Our Doctoral Internship in Health Service Psychology has been accredited by the American Psychological Association since 1973 and was one of the first university counseling services to earn this recognition. Our Master’s Internships in Social Work and Counseling are offered to students from CSU and other regional institutions. Advanced Practicum placements are open to third, fourth, and fifth year doctoral psychology graduate students from CSU and nearby universities, and GSA positions are sometimes offered to advanced-level doctoral psychology graduate students in CSU’s Counseling Psychology graduate program. The second year Psychology Practicum program also is offered in conjunction with CSU’s doctoral program in Counseling Psychology and is only open to their students. We also offer Post-Doctoral and Post-Masters Fellowships. These fellowships provide opportunities to continue to build skills as a generalist clinician while also developing skills working with one or more specialized areas (DAY, Primary Care Behavioral Health, and iTEAM).
Six core principles reflect our training philosophy and serve as a foundation for the model of training at the CSUHN. The following statements address our beliefs about the nature of training and our expectations for the treatment of others.
Broad-based training is essential for developing professionals.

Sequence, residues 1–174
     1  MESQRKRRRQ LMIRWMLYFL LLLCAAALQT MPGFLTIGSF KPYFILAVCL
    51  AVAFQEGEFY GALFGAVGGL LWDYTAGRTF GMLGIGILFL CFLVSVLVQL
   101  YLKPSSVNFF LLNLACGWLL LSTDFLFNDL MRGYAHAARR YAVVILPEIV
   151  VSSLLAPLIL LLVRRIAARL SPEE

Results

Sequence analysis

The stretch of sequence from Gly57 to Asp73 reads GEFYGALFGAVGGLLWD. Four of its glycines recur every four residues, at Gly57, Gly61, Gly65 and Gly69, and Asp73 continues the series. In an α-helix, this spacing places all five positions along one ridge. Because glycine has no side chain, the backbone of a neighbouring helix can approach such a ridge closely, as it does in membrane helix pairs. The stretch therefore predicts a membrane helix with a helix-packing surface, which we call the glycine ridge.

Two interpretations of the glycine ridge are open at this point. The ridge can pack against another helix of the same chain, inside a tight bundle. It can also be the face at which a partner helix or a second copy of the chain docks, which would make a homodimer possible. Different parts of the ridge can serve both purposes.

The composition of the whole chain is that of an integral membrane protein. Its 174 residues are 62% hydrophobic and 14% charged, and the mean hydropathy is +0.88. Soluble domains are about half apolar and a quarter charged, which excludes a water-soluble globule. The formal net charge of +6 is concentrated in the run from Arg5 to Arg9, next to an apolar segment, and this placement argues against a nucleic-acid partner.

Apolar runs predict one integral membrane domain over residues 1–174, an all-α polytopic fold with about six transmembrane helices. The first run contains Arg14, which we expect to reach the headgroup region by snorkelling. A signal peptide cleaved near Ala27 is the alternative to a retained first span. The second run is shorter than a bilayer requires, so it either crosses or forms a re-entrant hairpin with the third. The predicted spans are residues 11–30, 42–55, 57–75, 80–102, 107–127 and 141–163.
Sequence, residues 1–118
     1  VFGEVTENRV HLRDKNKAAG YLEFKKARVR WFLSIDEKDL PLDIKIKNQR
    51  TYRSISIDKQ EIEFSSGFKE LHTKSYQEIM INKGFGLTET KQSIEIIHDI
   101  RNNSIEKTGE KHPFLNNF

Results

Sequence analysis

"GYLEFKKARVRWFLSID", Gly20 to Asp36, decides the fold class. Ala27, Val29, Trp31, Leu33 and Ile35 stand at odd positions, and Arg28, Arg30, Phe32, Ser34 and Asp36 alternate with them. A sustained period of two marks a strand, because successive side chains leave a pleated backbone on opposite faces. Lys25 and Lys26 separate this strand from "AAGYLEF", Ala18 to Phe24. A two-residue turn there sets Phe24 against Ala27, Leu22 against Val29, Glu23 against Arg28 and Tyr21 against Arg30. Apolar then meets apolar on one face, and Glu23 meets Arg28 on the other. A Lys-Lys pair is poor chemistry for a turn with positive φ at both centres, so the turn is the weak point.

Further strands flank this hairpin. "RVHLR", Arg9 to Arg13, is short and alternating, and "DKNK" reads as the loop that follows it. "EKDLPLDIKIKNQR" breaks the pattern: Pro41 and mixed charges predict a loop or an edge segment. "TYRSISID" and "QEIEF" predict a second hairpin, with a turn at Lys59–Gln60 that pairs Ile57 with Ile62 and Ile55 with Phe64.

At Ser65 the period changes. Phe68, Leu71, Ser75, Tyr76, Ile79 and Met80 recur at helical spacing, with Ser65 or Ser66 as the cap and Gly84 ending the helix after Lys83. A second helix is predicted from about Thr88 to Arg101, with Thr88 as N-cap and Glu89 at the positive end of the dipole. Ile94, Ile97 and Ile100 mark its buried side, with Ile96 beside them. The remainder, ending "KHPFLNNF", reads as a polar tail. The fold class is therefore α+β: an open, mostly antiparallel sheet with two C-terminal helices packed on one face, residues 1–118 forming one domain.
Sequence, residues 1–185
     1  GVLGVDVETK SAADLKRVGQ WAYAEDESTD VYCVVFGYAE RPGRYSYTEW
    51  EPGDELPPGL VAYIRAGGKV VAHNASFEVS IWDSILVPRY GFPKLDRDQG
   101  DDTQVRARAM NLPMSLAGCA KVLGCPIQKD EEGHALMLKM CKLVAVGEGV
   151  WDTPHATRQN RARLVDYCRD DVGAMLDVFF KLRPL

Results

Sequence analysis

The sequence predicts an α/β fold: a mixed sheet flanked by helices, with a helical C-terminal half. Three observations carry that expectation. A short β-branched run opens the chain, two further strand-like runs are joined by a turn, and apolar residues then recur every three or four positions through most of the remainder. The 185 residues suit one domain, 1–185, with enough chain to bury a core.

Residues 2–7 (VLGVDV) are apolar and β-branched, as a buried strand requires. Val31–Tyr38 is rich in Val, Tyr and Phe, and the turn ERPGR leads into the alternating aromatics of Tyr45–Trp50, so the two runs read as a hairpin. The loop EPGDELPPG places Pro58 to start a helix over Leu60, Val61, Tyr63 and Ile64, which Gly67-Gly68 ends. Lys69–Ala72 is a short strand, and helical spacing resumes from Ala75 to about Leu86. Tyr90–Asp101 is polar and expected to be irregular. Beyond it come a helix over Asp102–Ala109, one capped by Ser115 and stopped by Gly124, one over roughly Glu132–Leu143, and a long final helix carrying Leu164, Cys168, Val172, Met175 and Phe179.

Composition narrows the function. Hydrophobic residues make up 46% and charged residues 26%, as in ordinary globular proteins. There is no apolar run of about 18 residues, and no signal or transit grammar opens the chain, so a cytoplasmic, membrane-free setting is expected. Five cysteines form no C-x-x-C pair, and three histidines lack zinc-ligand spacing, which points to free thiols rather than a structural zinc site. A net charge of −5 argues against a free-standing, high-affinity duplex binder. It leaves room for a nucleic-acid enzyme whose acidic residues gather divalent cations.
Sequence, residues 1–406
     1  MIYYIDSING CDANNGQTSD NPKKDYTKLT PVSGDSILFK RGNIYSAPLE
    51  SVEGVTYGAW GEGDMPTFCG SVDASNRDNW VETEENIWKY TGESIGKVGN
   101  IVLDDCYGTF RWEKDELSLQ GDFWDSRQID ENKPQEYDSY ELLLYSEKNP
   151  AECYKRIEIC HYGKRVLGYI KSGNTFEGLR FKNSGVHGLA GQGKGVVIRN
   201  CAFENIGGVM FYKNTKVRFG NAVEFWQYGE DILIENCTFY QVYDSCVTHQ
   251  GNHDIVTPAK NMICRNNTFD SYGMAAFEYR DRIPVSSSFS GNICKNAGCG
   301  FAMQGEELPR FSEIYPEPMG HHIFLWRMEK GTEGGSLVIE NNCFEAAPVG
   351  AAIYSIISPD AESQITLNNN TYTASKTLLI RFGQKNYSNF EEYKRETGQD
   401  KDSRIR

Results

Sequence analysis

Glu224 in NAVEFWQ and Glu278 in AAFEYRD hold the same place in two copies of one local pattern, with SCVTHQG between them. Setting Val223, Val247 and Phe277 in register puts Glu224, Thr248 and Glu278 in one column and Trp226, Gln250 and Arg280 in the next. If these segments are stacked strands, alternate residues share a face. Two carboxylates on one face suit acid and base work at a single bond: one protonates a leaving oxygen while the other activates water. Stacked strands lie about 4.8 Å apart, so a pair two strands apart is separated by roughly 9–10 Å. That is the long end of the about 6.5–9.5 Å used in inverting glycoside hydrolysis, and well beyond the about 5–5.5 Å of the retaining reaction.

We value the contributions of our own and other professional disciplines to the training program, recognizing that a diverse set of knowledge and skills are essential for effective practice.
Psychological theory and research are the foundation for competent practice.
The training staff believes that psychological theory and scientific research provide a foundation for conceptualization and intervention. The practice of mental health professionals should be grounded in theories relevant to their discipline and the supporting scientific literature.
An optimal learning environment is supportive and challenging.
We believe that learning is facilitated by an environment in which challenge is balanced with support. We value an open environment in which ideas can be explored and it is safe to make mistakes. We encourage trainees to honestly assess their professional strengths and limitations so that we may collaboratively establish training goals.
A commitment to self-awareness and a willingness to monitor the impact of personal needs on professional behavior are expected of all members of the staff.